Music Ed PD Workshop Reveals Key “Extra-Musical Skills” for Music Career

by Linda Flores


Pictured: Emily Ondracek-Peterson and Prof. Jeanne Goffi-Fynn


“What does a successful music career look like in the 21st century?” This was the driving question behind Dr. Emily Ondracek-Peterson’s Professional Development Workshop for the Music and Music Education community. Professor Jeanne Goffi-Fynn invited the recent TC graduate to address this important topic in the first of a series of workshops meant to prepare students with more tools for success, starting with simply acknowledging the many challenges of making a living as a musician.

After earning her B.M. and M.M. from Juilliard, Emily chose to expand her skills and marketability by enrolling in the Ed.D. program at TC. Her passion for this topic led her to write her 500-page dissertation about the careers of musicians (string players) who graduated from conservatories. She is the living embodiment of putting into practice all the research she obtained. In addition to working as the first violinist of the Voxare String Quartet, Emily is also a teaching artist for the New York Philharmonic, a studio teacher, researcher, writer, music contractor, adjunct professor of violin at Teachers College Columbia University, and a full-time, tenure-track Assistant Professor and Director of String Studies at the Metropolitan State University of Denver. Dr. Goffi-Fynn is “impressed with her thorough research” and is “happy to welcome back Emily and to share her continued good work.”

During this highly interactive workshop, Emily engaged the attendees in small and large group discussions, provided sample surveys from her research and asked the audience to list potential careers for musicians. Beyond the traditional roles of performer, teacher, and composer, the group also mentioned uniquely 21st century options such as “YouTube star” and “blogger.”

One such hands-on activity involved dividing the audience into pairs to look up the careers of past famous musicians such as Ludwig van Beethoven and Gustav Mahler. Through exploring the variety in these famous musicians’ careers, the participants acknowledged the need for entrepreneurship. In the end, the students agreed with Emily that musicians seem to have always needed to be entrepreneurs, piecing together various kinds of jobs in order to make a living.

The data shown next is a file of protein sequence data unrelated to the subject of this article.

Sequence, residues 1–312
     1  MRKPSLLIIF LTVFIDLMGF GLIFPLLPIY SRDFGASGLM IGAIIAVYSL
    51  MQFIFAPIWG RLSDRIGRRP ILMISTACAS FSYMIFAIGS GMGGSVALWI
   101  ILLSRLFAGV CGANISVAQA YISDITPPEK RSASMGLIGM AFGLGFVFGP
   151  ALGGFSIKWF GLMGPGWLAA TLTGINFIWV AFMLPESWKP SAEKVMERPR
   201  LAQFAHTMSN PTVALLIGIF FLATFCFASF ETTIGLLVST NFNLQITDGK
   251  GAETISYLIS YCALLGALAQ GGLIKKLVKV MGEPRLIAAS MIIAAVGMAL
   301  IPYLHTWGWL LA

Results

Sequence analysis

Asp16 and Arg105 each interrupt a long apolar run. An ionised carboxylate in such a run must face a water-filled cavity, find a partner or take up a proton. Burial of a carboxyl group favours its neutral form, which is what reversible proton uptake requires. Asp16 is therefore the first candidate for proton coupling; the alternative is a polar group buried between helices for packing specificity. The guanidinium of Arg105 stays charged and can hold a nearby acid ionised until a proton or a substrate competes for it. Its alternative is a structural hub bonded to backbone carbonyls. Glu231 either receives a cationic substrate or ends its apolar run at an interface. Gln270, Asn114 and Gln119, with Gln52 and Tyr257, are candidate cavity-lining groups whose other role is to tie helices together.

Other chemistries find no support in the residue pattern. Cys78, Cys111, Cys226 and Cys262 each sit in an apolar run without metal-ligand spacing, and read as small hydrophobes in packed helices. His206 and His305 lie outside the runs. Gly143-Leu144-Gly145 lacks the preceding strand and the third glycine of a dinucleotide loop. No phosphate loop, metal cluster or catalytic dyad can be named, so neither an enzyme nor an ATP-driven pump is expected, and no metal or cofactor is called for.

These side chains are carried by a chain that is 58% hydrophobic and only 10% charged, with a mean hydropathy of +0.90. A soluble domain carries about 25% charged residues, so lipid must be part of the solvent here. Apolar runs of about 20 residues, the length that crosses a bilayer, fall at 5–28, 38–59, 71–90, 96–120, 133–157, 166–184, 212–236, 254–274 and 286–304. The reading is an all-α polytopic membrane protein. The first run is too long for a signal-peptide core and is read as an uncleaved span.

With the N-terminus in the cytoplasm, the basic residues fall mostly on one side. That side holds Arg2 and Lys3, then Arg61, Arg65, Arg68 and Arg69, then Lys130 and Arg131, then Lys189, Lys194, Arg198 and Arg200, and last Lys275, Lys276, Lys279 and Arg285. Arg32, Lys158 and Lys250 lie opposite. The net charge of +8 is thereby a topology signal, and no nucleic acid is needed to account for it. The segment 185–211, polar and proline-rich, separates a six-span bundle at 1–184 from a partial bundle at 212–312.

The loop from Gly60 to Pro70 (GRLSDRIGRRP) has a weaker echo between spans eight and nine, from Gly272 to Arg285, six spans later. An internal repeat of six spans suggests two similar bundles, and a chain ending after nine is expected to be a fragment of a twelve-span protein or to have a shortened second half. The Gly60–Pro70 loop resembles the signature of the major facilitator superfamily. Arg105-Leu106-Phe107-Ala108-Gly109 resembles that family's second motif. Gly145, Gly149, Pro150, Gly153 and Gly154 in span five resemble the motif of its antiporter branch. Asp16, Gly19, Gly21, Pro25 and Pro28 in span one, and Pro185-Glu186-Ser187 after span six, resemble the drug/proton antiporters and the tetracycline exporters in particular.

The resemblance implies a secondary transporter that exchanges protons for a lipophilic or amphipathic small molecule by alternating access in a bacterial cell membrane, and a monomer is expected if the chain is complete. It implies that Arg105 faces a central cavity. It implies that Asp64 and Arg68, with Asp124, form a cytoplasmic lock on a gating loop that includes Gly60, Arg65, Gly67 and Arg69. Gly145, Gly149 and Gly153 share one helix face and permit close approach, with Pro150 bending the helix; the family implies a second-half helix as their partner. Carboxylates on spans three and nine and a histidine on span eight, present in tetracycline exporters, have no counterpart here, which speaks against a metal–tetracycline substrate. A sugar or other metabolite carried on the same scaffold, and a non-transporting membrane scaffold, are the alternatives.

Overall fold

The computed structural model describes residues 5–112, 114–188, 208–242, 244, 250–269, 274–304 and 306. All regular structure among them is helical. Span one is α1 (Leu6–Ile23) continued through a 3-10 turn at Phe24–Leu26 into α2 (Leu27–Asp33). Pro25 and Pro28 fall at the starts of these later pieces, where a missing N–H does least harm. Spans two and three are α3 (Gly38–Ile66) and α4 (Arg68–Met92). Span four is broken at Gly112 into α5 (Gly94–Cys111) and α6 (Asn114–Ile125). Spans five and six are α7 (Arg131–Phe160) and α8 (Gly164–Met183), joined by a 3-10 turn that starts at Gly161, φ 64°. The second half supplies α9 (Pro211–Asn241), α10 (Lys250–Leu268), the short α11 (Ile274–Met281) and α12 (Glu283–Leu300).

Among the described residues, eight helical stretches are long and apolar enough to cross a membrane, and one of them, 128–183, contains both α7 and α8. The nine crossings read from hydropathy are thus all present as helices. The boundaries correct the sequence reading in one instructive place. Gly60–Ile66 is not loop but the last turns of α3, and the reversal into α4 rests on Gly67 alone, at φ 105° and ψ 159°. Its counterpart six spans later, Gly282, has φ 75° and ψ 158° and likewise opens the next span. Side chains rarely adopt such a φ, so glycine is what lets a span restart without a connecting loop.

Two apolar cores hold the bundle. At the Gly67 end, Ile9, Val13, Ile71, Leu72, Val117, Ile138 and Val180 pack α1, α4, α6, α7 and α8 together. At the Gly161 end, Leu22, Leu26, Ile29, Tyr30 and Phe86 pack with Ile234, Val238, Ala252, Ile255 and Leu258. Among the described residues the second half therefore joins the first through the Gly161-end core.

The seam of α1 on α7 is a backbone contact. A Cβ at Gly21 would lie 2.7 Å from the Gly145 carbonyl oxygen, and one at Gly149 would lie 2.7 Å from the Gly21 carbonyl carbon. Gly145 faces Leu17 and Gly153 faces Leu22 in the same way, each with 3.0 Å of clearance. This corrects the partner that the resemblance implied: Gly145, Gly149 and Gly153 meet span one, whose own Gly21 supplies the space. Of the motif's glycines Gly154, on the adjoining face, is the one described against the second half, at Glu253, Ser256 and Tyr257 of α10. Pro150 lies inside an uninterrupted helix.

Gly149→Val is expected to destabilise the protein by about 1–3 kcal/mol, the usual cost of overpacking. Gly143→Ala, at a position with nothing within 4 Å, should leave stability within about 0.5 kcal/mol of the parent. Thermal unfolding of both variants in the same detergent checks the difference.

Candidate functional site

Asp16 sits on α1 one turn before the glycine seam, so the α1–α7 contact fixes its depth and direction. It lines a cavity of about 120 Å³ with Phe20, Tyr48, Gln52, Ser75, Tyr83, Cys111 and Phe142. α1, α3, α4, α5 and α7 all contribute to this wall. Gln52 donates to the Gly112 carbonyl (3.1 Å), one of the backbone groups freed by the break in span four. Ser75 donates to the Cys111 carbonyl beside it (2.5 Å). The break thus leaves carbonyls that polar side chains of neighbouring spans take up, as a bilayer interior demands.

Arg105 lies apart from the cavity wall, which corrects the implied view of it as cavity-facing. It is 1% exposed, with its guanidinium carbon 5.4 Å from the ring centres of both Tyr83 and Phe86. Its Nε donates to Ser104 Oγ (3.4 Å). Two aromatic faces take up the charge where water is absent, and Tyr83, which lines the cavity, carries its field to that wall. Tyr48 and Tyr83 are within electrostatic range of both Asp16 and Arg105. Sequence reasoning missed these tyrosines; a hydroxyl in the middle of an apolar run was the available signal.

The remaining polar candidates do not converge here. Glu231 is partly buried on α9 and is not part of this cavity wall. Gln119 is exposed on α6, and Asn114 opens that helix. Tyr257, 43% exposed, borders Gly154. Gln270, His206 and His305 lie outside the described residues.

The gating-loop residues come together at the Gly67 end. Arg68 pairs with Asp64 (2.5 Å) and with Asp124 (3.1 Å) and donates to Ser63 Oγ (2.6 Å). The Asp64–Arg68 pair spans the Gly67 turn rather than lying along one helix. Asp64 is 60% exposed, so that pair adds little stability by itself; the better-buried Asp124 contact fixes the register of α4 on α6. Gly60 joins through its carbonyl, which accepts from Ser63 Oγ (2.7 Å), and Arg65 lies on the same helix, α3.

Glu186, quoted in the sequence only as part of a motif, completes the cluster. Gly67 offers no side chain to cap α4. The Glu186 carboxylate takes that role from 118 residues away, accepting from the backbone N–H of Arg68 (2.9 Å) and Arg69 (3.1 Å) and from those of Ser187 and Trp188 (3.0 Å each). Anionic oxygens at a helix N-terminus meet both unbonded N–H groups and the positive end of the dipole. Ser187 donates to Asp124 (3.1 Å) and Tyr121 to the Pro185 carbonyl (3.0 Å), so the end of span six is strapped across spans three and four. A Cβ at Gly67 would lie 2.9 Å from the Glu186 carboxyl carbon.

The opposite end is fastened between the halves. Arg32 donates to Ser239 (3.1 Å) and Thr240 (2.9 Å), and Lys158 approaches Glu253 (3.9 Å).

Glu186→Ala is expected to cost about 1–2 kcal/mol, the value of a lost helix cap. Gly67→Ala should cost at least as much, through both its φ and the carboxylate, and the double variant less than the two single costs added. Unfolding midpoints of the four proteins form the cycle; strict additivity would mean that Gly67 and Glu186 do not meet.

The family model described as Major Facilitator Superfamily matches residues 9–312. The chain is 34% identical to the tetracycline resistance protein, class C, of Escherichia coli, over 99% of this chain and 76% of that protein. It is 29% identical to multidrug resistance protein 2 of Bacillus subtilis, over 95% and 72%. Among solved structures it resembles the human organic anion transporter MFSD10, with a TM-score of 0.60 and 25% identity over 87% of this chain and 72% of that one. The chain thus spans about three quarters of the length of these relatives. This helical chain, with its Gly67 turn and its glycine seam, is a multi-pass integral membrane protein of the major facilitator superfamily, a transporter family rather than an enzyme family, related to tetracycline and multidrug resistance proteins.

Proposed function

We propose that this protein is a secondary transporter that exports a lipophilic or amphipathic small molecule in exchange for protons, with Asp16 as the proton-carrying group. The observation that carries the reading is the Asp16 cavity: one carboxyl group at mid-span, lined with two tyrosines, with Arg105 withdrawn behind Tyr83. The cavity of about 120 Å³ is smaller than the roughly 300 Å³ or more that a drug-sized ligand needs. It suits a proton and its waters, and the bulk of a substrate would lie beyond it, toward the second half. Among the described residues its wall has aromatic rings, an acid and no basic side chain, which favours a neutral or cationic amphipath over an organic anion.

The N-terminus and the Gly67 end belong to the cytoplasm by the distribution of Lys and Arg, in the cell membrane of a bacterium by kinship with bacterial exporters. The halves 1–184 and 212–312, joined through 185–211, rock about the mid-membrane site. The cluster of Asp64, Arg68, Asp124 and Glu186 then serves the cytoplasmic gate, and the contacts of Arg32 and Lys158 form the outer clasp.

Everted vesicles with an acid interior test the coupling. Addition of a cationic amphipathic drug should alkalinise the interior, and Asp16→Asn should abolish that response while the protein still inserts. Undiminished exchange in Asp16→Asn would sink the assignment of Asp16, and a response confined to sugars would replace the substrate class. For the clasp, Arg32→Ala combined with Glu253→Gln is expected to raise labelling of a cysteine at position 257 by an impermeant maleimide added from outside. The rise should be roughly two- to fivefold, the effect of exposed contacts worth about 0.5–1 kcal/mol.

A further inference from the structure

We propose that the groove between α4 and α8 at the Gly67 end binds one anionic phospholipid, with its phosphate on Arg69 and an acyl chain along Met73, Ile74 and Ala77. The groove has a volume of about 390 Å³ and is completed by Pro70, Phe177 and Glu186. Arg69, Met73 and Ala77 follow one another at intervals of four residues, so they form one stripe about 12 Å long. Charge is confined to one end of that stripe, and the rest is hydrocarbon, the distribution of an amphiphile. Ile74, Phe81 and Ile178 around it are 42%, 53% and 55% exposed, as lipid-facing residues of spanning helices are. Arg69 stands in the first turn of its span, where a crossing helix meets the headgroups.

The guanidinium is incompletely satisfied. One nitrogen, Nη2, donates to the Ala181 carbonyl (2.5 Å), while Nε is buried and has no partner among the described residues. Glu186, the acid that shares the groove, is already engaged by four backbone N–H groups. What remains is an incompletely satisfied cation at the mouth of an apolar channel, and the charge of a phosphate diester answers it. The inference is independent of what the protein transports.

However, there are specific and unique challenges that musicians have never encountered until the recent decades. Technological inventions that make music more convenient and accessible (and sometimes free) to the mass public prove to be challenges to musicians because people increasingly expect music to be gratis. According to Emily, this leads to devaluation and exploitation of the profession. For example, people may hear a five minute piece of music and do not consider the many years of training and hours of practice it takes to prepare a piece for performance.

Her research shows that the majority of the 120 conservatory students surveyed defined financial success as making over $100,000 per year for other professions, but only $50,000 or above for musicians. Emily argued that athletes get paid much more than musicians but both professions are at the same high level of skill. Musicians tend to not like to talk about money, which can lead to receiving less pay than they are worth.

M.A. student Jean Lee Duong described the workshop as a “stimulating experience,” one that she needed to hear. Jean reflected that the information caused her to think about the reality of financial issues a little more: “Where did I get this concept that musicians are poor and will always be poor? It allowed me to think more creatively and broadly about experimenting with more career paths.”

Emily’s research also revealed that most of the extra-musical skills she feels are necessary for musicians to be successful in the 21st century are not taught in school. These skills include creating presskits, maintaining websites, writing grants and “schmoozing.” She tried to gain some of these skills herself by taking elective classes outside of the Music Education program such as Career Counseling, Trademark and Copyright, and Fundraising. Emily showed three videos from one of her current projects, Noted Endeavors. Noted Endeavors is a project formed in partnership with renowned flutist, author, and TV personality Eugenia Zukerman as a means of discovering and recording through filmed interviews the nitty gritty steps musicians in the twenty-first century are taking to forge successful careers in today’s music industry. In one of the three videos she showed of interviews from her research, one musician, Daniel Bernard Roumain, stated that young artists need a practical sense of reality.

The workshop ended with a list of positive actions, such as “know your worth” and “don’t work for free” to elevate the profession. Afterwards, attendees appeared to be in contemplative moods and all lingered to speak with Emily personally.

Overall, Dr. Goffi-Fynn was very pleased with the workshop and thought Emily did a “terrific job of presenting ideas for our students to think about. The field is changing, and I think it’s imperative for us all to be aware of the changes and to help our students respond to these changes. Making a career in music has never been straightforward or easy, but always exciting.”

Stay tuned for more Professional Development Workshops in the Music and Music Education Program.

Read more from Emily about careers in the music industry on her blog, The 21st C. Musician.